Winter break is an interesting time for college students: we travel home to see family, we meet up with old friends, and we attempt to act like nothing has changed. Christmas is celebrated by some, and absence of papers and exams is celebrated by all. For me and the ten other members of the Alternative Break: South Africa trip, winter break offered an entirely new adventure.
American University has sent hundreds of students on trips both abroad and nationally through its alternative break program. The program focuses on international and domestic service-learning trips that are organized by student leaders. The theme of the alternative break I participated in was the rights of HIV positive and at-risk populations, and it was based in Cape Town, South Africa. The trip was co-lead by Sarah McHaney (SIS) and Taylor Dempsey (CAS), and sociology professor Bette Dickerson advised the group. The Volunteer Adventure Corps (VAC) based in South Africa welcomed us with open arms and worked to “provide an easy transition to life in Cape Town,” according to Sean Walpole, VAC founder.
Our group of 11 students divided into three small groups. One group spent their mornings working with Sisters4Sisters, an organization that helps women who have suffered from domestic abuse. The AU students helped with everything from conducting workshops for adolescent girls to filming a documentary that will be used to raise awareness. The other two groups were assigned to two health clinics in area townships. One group assisted the Gugulethu Clinic with aspects of a Disaster/Emergency Response plan for the clinic. I worked at Heideveld Clinic with the other group. The clinic was much more comprehensive than I had imagined; it had working computers, an emergency room, and friendly, hard-working doctors and staff. Still, it was easy to recognize the challenges the clinic faced with over-crowding and lack of basic supplies. I helped organize files and make appointments while Dempsey and Tahmina Ahmed, premed and public health students, shadowed doctors and interviewed HIV/AIDS patients. Our volunteerism was overseen by Anthea Spielmin, facility director, who constantly showed her appreciation for student volunteers from the U.S. She said, “We accept all American students and hope that we can give them [an educational experience] in exchange for the help they give us.”
In the afternoons we visited various public and nonprofit organizations and spoke with people who were knowledgeable about the problems surrounding HIV/AIDS in South Africa. Each expert provided a different view of the pandemic so that we could gain a broader understanding of the issues. We met with groups that focused on a range of topics including education, awareness and prevention, funding, and HIV testing and vaccinations including three organizations that are unique to the HIV/AIDS movement in South Africa: Grandmothers Against Poverty and AIDS (GAPA), Mothers2Mothers, and Grassroots Soccer.
GAPA members are elderly women holding together families afflicted by HIV/AIDS and poverty. Many of these women are the primary caregivers for their grandchildren because their children had died from AIDS. They conduct educational, skills building, and income generation workshops, organize mental health support groups, provide daycare, and offer financial assistance for the children’s education.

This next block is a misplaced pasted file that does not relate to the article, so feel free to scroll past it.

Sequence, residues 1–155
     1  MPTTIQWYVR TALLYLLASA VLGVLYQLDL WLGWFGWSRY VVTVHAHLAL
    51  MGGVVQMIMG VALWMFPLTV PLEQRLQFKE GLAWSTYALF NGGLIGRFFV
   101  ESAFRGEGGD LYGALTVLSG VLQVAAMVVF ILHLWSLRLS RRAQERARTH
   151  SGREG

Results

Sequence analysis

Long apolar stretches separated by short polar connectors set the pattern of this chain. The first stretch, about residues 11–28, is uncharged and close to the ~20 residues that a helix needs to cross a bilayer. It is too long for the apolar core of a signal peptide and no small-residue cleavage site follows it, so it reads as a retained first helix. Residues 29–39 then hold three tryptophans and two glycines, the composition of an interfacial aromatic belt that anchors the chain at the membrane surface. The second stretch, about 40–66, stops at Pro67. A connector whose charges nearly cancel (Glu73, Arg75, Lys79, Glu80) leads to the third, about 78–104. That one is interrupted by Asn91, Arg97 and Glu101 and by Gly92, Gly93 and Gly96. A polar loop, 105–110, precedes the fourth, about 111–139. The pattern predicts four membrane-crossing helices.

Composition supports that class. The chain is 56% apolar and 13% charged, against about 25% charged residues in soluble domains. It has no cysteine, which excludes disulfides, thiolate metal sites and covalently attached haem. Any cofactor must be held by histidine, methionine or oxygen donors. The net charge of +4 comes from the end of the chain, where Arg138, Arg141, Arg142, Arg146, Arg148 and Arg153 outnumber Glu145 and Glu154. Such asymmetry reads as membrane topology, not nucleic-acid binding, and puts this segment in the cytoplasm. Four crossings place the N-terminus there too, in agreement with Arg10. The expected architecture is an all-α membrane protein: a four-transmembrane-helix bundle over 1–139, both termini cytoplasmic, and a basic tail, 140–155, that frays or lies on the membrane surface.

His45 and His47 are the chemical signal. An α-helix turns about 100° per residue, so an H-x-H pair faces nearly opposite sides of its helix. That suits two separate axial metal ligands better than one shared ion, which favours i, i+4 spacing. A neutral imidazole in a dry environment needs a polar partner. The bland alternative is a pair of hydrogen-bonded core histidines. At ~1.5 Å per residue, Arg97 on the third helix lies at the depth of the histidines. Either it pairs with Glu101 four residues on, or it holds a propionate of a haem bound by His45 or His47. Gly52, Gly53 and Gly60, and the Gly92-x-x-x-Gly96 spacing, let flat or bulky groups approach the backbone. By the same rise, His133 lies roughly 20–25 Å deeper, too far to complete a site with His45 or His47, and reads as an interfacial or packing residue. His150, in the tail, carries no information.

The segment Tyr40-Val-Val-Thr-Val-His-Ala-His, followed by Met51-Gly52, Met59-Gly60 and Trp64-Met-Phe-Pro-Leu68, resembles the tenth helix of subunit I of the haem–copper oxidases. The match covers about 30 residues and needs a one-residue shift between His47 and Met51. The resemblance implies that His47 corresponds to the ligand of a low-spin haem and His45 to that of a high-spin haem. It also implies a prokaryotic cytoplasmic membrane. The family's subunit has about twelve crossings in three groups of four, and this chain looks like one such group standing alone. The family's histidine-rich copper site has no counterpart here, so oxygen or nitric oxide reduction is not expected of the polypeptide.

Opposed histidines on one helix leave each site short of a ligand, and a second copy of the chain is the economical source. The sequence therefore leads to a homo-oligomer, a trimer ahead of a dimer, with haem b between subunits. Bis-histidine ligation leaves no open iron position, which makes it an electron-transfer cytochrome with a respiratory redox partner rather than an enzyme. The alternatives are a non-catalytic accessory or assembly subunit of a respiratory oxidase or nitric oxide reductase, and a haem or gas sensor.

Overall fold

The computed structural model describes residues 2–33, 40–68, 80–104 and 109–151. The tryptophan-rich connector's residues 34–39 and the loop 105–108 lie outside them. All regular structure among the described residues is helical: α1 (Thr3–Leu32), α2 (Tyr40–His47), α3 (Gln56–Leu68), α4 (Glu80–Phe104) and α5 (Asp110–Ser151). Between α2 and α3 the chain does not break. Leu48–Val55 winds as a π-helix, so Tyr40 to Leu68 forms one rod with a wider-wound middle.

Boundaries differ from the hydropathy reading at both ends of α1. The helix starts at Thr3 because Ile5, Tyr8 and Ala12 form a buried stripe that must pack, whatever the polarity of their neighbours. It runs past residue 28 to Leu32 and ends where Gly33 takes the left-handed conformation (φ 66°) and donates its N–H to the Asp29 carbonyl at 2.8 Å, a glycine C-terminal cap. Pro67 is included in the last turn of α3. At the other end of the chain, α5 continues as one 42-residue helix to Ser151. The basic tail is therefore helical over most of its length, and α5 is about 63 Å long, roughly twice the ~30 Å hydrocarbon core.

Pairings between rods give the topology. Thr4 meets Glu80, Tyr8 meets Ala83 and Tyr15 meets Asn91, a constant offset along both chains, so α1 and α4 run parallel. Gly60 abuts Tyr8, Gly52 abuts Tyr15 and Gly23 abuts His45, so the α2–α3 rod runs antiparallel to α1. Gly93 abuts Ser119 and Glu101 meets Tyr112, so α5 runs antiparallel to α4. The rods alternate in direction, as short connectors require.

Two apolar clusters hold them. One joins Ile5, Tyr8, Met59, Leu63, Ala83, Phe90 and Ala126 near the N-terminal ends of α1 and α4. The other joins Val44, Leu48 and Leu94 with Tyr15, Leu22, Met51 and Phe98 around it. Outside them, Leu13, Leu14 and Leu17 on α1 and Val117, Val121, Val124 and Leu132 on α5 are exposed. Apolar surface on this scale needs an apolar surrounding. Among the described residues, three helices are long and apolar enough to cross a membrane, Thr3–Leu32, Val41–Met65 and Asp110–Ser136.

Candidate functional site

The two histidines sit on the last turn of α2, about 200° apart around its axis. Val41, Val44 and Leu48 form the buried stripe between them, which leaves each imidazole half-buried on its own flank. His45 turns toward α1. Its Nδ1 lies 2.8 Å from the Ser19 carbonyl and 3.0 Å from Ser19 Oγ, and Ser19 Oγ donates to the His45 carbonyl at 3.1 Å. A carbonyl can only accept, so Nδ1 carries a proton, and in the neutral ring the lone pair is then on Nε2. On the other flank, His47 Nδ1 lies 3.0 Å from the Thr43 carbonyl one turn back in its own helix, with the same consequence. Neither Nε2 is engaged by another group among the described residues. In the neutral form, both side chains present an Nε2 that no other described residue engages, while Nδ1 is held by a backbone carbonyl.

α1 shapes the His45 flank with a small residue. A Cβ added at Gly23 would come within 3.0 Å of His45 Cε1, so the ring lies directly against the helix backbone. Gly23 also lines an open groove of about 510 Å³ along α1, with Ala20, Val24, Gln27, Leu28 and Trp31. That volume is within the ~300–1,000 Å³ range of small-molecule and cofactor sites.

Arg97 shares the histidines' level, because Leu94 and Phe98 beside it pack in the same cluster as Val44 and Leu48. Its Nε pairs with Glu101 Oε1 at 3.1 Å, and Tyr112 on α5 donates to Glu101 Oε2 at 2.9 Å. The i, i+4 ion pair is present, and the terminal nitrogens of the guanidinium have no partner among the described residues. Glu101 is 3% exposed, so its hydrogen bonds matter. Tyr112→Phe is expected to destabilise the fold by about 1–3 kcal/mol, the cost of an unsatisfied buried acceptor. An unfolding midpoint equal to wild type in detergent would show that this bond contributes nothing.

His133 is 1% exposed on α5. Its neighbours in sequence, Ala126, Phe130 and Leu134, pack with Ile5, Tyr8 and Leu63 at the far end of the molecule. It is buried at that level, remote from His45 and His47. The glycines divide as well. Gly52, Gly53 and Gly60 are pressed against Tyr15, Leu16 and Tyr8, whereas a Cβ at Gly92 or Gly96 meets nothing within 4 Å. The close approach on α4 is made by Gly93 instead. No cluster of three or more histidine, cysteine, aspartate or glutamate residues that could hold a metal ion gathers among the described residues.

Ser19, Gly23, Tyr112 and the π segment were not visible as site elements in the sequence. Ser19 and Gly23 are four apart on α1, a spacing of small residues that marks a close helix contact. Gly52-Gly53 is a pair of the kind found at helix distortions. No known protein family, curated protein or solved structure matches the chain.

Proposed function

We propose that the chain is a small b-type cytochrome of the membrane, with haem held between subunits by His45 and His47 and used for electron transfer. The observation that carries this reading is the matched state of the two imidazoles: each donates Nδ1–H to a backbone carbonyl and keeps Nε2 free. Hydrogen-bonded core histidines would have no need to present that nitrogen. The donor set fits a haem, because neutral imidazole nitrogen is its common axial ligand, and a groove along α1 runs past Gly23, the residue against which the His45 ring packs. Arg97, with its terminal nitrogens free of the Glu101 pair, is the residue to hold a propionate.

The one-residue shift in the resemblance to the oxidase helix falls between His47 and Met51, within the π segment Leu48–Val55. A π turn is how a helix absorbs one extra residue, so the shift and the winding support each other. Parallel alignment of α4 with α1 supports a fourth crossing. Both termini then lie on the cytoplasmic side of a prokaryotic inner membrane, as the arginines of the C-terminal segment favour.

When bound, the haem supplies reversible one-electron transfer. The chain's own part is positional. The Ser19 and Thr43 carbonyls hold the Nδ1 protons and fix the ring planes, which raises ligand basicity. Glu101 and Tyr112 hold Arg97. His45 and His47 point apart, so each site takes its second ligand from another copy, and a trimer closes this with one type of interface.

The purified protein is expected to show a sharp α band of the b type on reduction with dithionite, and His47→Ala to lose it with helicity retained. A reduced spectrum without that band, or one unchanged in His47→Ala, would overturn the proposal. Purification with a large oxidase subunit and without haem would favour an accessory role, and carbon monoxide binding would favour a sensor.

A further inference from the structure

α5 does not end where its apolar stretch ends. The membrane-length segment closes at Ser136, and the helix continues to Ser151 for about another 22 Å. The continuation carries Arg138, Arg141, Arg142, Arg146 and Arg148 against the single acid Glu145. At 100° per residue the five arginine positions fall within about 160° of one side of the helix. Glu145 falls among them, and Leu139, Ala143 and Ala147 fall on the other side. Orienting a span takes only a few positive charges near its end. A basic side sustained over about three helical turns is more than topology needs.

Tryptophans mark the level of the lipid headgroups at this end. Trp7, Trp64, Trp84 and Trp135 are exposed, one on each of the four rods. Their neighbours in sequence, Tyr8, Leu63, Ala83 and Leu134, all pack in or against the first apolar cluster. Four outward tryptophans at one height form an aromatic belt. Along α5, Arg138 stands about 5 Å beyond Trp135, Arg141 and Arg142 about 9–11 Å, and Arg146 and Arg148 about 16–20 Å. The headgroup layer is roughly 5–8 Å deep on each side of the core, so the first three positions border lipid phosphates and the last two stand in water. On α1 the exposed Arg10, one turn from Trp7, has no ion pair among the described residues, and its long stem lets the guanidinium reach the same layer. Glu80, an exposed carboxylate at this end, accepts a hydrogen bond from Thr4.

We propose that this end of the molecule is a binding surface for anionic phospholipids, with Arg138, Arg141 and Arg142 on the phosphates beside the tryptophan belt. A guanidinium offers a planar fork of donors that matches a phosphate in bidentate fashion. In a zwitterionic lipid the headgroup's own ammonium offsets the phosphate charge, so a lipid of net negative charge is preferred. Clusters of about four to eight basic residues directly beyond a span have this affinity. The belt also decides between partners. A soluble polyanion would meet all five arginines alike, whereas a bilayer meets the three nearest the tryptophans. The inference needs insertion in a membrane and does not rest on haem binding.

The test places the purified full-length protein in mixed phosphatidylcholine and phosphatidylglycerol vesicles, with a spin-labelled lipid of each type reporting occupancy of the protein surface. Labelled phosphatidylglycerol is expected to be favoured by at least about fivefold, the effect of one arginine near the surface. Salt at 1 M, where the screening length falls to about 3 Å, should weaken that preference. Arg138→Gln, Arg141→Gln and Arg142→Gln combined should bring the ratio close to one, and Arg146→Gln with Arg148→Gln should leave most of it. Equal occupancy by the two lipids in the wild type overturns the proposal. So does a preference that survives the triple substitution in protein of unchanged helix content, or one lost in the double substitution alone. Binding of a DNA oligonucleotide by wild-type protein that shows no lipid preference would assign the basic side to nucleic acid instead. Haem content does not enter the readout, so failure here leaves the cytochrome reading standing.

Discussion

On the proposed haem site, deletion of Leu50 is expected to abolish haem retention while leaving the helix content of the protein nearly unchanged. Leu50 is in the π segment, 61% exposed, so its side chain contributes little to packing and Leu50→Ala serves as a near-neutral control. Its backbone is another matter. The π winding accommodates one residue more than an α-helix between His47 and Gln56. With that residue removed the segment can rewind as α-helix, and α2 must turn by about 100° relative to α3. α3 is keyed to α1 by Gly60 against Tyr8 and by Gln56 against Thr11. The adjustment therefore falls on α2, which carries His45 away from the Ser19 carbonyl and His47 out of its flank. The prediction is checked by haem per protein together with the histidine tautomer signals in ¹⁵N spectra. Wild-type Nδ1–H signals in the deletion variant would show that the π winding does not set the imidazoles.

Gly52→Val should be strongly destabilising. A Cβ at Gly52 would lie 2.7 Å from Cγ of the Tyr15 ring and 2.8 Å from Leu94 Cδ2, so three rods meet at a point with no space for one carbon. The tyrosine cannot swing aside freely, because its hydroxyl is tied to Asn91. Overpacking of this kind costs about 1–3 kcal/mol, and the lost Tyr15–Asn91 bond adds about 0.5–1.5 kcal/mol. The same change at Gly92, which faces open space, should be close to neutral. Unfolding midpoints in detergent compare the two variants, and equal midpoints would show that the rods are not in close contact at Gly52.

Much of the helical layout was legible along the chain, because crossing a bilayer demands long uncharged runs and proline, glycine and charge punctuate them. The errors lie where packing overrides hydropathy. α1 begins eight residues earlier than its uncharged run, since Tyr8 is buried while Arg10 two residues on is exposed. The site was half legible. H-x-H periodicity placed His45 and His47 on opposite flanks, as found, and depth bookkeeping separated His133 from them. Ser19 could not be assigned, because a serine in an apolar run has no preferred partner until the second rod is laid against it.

Mothers2Mothers focuses on preventing HIV transmission from pregnant women to their children. Its counseling centers provide education and support for pregnant women and new mothers while also increasing their access to life-sustaining medical care. HIV-positive mothers that have birthed healthy babies are hired to educate other pregnant women about the disease and their healthcare options. Not only does this program greatly help in lowering transmission rates, but it empowers women living with HIV/AIDS to fight the stigma and live positive and productive lives.
Using the power and popularity of soccer, Grassroots Soccer provides youth with knowledge, skills, and support to live HIV-free through its culturally sensitive and fun HIV/AIDS life-skills curriculum.
The service work that we did and the people that we learned from allowed us to not only see many different sides of HIV/AIDS and the Cape Town-area, but also to see South Africa. Meredith Daniels (SOC) and Tahmina Ahmed (CAS) will count the people they met in South Africa among their best memories. “The people at the clinic were just so welcoming. I felt like they had known me for years!” remarked Ahmed. Daniels takes her enthusiasm one step further. “I will never forget the stories that I heard. Even if I wrote the stories down, it would not be the same. I want to take back the sights, the smells, what I’ve heard, everything.”
It had always been my dream to visit South Africa, but I never expected to see it from the standpoint of a volunteer. Other AU students who want to share this experience will be able to participate in an 8-week program based in Cape Town starting this summer. Offered through AU’s Center for Community Engagement & Service, the expanded program developed by Professor Dickerson will allow students to engage in longer-term work with a larger number of organizations including some of the same ones we worked with, strengthening AU’s growing partnerships with South Africa. Under the theme “Societal Transformation and Service Learning: Race, Class and Gender” they will experience the differences in cultures and lifestyles between the US and South Africa, the ethnic diversity of the people living there, apartheid problems that still exist, the many post-apartheid successes, and the enormous pride of the newly democratic nation.